US market extends calm streak despite choppy week
The S&P 500 notched up its 10th day in a row without a gain or drop of 1% or more.
Despite a choppy week of trading and a mixed finish for US stocks, the market extended its recent streak of relative calm on Friday.
The S&P 500, the market’s benchmark index, notched up its 10th day in a row without a gain or drop of 1% or more.
That’s the longest stretch going back to January 26, when the market broke four and a half months of calm with a 1.2% gain, which also marked a record high.
Just one week later, the market entered an extended bout of volatility that included a rapid plunge of 10% in early February. That was the first “correction” the market had seen in two years.
Since then, the market has returned to quieter trading, even as US companies report fatter profits and investors grow anxious about rising interest rates and the threat of a trade war between the US and China.
“Now it feels like investors are paralysed trying to choose between a pretty solid economic picture and great earnings growth, and rising rates and ongoing geopolitical drama day-to-day,” said Craig Birk, executive vice president of portfolio management at Personal Capital.
The S&P 500 index fell 7.16 points, or 0.3%, to 2,712.97. The Dow Jones industrial average gained 1.11 points to 24,715.09. The Nasdaq composite lost 28.13 points, or 0.4%, to 7,354.34.
The Russell 2000 index of smaller-company stocks rose 1.34 points, or 0.1%, to 1,626.63, its third all-time high in a row.
The indexes finished the week in the red, but are still on track for gains this month, led by the Russell 2000.
Now it feels like investors are paralysed trying to choose between a pretty solid economic picture and great earnings growth, and rising rates and ongoing geopolitical drama day-to-day Craig Birk, Personal Capital
After a strong start to the month, markets have been choppy this week as investors turned the page on the first-quarter earnings reporting season and weighed the implications of the ongoing trade tensions between the US and China.
The countries, which have threatened tariffs on each other, were holding discussions aimed at averting a trade war between the world’s two biggest economies.
Traders have also been coming to grips with the yield on the 10-year Treasury note moving well past 3%. It hit 3.12% on Wednesday, its highest level in almost seven years.
“The issue of inflation is starting to rear its head again,” said Jeff Kravetz, regional investment strategist for US Bank Private Wealth Management.
“That’s got investors a bit nervous. And then we have the dollar strengthening and emerging markets weakening.”
Even so, the S&P 500 has remained on a narrow trading range, keeping volatility largely under wraps, at least for now.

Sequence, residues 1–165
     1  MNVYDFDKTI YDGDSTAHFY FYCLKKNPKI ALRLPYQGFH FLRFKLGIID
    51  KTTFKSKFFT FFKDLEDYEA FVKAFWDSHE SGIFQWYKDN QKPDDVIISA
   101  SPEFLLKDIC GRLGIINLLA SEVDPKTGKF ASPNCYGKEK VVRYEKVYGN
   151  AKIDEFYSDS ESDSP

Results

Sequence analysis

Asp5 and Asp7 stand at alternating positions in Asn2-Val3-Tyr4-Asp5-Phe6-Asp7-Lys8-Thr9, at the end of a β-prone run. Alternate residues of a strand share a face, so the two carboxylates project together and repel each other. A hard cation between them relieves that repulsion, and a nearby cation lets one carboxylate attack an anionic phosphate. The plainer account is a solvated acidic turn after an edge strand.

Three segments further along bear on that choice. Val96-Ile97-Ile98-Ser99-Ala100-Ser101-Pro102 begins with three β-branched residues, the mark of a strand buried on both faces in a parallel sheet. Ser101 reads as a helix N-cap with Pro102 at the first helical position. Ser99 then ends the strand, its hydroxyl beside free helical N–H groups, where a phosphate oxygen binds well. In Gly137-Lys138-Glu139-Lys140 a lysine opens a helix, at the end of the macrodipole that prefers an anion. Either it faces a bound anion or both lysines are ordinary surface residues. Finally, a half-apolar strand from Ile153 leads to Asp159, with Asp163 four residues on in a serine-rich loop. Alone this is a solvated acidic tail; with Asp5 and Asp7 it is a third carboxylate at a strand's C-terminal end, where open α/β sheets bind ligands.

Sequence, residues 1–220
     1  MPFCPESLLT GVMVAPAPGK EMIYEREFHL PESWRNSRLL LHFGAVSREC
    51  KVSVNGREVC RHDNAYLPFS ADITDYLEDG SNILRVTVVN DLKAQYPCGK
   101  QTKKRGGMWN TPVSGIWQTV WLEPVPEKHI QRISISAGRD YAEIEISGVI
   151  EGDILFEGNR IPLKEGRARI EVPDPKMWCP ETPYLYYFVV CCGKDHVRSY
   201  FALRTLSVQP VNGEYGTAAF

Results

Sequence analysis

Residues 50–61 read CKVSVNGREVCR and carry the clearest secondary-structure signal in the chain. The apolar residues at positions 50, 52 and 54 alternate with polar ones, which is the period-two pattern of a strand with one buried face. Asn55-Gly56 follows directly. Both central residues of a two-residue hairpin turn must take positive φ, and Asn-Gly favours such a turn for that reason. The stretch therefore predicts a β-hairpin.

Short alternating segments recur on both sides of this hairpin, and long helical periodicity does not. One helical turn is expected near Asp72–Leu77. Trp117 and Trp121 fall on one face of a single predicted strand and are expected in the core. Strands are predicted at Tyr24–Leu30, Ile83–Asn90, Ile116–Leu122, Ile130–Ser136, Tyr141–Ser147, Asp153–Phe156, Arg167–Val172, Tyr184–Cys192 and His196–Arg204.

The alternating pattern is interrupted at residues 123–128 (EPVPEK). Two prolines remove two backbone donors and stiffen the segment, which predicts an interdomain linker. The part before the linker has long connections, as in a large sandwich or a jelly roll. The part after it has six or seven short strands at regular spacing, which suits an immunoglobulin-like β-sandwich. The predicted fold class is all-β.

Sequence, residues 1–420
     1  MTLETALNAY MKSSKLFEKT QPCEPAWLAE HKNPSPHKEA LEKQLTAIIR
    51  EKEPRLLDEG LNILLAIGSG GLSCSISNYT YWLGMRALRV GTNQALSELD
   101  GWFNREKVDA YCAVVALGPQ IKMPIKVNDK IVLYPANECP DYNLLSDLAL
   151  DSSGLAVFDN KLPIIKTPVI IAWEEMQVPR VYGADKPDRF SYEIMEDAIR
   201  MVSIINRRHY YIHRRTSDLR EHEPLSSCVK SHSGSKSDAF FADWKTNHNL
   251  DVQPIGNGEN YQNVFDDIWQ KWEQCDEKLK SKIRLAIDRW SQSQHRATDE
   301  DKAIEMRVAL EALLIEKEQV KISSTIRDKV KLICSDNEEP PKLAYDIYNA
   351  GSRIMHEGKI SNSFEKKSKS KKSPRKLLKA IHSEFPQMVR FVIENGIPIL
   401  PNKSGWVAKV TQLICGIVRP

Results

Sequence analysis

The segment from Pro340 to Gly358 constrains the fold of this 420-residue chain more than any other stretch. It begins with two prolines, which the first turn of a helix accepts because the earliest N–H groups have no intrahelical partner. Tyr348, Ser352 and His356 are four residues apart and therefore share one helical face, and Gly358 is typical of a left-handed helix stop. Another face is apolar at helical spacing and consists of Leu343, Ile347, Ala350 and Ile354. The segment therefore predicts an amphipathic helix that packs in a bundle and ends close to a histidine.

On Friday, banks and technology companies were among the biggest decliners, offsetting gains by industrial and health care stocks. Energy companies also declined as crude oil prices closed lower.
Bond prices rose, sending yields lower. The yield on the 10-year Treasury fell to 3.06% from 3.12% late Thursday.
The pullback in bond yields, which affect interest rates on mortgages and other consumer loans, weighed on bank stocks. Citigroup fell 2.2% to $69.96.
Some companies’ latest quarterly results or outlooks also put investors in a selling mood Friday.
The issue of inflation is starting to rear its head again. That's got investors a bit nervous. Jeff Kravetz, US Bank Private Wealth Management
Campbell Soup plunged 12.4% to $34.37 after the packaged foods company lowered its profit forecast and said that chief executive Denise Morrison was retiring effective immediately.
The stock was the biggest decliner in the S&P 500 and had its worst single-day drop since 1999.
Nordstrom tumbled 10.9% to $45.36 after the upscale department store chain said sales at established stores, a key metric for retailers, showed meagre gains in the first quarter.
Applied Materials slumped 8.2% to $49.51 after the maker of chipmaking equipment forecast revenue for the current quarter that was below Wall Street’s estimates.
Industrials and health care stocks notched solid gains. Drugmaker Nektar Therapeutics led all stocks in the S&P 500, climbing 7.7% to $85.30.
Deere gained 5.7% to $155.25 after the agricultural and construction equipment maker forecast 35% growth in equipment sales for its third quarter.
PayPal Holdings added 2% to $80.79 on news that the company is buying Stockholm-based payment processing startup iZettle for $2.2 billion with the aim of expanding into Europe and Latin America.
Benchmark US crude oil fell 21 cents to settle at $71.28 a barrel in New York. Brent crude, used to price international oil, lost 79 cents to $78.51 a barrel in London.
The slide in oil prices was a drag on energy stocks. Range Resources slid 3.2% to $15.17.
Gold gained $1.90 to $1,291.30 an ounce. Silver slipped 3 cents to $16.46 an ounce. Copper dropped 3 cents to $3.06 a pound.
The dollar fell to 110.68 yen from 110.75 yen on Thursday. The euro weakened to $1.1773 from $1.1799.
In other energy futures trading, heating oil lost 2 cents to $2.27 a gallon. Wholesale gasoline slipped a penny to $2.23 a gallon. Natural gas gave up a penny to $2.85 per 1,000 cubic feet.
Major indexes in Europe fell. Germany’s DAX gave up 0.3 percent, while France’s CAC 40 slid 0.1%. Britain’s FTSE 100 lost 0.1%.
Asian stock markets finished mostly higher. Japan’s Nikkei 225 added 0.4% and South Korea’s Kospi index rose 0.5%. Hong Kong’s Hang Seng index gained 0.3%.